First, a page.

9 Stiglitz, Joseph. 2014. The Price of Inequality: How Today’s Divided Society Endangers Our Future. New York: W. W. Norton & Co.; Piketty, Thomas. 2014. Capital in the Twenty-First Century. trans. Arthur Goldhammer. Cambridge, MA: Belknap Press of Harvard University Press; Atkinson, A. B. 2015. Inequality: What Can Be Done? Cambridge, MA: Harvard University Press.

10 McCloskey, Deirdre Nansen. 2014. “Measured, unmeasured, mismeasured, and unjustified pessimism: A Review Essay of Thomas Piketty’s Capital in the Twenty-First Century.” Erasmus Journal for Philosophy and Economics 7 (2): 73-115; Geloso, Vincent and Phillip Magness. 2020. “The Great Overestimation: Tax Data and Inequality Measurements in the United States, 1913-1943.” Economic Inquiry 58 (2): 834-855; Geloso, Vincent, Phillip Magness, John Moore and Philip Schlosser. 2022. “How Pronounced is the U-Curve? Revisiting Income Inequality in the United States, 1917-60.” Economic Journal, doi:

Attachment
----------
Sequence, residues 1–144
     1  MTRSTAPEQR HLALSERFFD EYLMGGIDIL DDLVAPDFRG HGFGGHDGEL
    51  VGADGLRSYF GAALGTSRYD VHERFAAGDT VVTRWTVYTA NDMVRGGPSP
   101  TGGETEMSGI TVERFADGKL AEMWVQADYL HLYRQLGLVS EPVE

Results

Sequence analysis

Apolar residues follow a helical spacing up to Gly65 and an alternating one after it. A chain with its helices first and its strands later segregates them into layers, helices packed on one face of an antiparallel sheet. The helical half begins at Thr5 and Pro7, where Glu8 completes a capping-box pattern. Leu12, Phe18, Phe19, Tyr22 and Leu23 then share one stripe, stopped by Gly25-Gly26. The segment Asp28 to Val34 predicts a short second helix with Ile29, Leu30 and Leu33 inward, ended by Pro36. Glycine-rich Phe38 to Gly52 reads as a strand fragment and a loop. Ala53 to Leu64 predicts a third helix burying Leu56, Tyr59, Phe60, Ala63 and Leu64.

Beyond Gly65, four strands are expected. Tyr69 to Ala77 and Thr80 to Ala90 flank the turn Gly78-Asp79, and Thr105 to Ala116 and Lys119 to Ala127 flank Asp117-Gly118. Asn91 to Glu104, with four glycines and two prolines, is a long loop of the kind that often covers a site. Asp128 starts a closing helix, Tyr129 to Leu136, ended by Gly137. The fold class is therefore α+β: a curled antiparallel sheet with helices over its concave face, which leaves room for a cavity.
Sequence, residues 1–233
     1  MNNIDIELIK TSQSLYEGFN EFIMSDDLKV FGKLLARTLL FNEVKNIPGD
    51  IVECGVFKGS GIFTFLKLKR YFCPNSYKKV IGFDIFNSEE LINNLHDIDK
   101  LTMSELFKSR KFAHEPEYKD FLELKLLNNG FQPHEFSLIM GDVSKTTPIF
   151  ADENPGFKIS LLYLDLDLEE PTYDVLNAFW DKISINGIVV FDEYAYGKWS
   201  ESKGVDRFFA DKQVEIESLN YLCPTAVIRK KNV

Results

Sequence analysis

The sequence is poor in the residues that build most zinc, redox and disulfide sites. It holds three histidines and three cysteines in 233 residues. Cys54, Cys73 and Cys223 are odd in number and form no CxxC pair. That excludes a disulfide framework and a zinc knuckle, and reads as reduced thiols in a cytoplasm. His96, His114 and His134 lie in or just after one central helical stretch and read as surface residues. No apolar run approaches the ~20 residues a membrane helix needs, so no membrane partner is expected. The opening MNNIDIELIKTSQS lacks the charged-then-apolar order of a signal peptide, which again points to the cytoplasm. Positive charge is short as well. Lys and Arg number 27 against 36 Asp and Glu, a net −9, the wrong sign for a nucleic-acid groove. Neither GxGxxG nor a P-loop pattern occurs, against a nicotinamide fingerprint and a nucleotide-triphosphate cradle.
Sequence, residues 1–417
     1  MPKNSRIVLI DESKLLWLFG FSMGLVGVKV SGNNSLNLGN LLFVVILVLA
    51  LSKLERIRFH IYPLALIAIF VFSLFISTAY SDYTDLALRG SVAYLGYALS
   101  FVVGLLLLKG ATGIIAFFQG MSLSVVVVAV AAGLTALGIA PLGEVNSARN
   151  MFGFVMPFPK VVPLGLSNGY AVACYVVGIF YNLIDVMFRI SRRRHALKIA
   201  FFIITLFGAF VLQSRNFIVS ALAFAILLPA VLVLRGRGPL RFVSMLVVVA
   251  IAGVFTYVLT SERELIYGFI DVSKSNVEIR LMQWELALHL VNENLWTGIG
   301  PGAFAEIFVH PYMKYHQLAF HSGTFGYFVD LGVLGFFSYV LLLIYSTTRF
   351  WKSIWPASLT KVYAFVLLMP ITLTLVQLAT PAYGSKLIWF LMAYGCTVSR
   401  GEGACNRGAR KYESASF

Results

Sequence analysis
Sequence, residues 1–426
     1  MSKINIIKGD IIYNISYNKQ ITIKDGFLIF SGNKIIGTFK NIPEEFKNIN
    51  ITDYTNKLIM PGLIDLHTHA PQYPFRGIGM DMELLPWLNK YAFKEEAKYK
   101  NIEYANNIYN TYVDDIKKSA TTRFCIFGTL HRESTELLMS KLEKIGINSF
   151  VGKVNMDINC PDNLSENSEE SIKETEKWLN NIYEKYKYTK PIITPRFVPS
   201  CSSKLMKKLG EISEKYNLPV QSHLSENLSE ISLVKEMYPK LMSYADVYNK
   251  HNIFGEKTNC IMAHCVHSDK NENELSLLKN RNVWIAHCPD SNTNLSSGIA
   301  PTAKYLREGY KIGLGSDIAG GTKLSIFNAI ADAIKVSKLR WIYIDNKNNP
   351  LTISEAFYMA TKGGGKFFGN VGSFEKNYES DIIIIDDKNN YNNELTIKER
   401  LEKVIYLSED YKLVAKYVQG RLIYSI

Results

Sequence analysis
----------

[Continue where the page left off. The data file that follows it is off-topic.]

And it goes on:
11 Solon, Gary. 1992. “Intergenerational Income Mobility in the United States.” American Economic Review 82 (3): 393-408; Björklund, Andreas and Markus Jäntti. 1997. “Intergenerational Income Mobility in Sweden Compared to the United States.” American Economic Review 87 (5): 1009-1018; Chetty, Raj, David Grusky, Maximilian Hell, Nathaniel Hendren, Robert Manduca and Jimmy Narang. 2017. “The fading American dream: Trends in absolute income mobility since 1940.” Science 356 (6336): 398-406; Corak, Miles. 2013. “Inequality from generation to generation: the United States in comparison.” In The Economics of Inequality, Poverty, and Discrimination in the 21st Century, (ed.) Robert S. Rycroft, 107-126. Amsterdam, Netherlands: Elsevier; Deutscher, Nathan and Bhashkar Mazumder. 2021. “Measuring Intergenerational Income Mobility: A Synthesis of Approaches.” Federal Reserve Bank of Chicago. Working Paper No. WP-2021-09. (accessed 27 May 2022).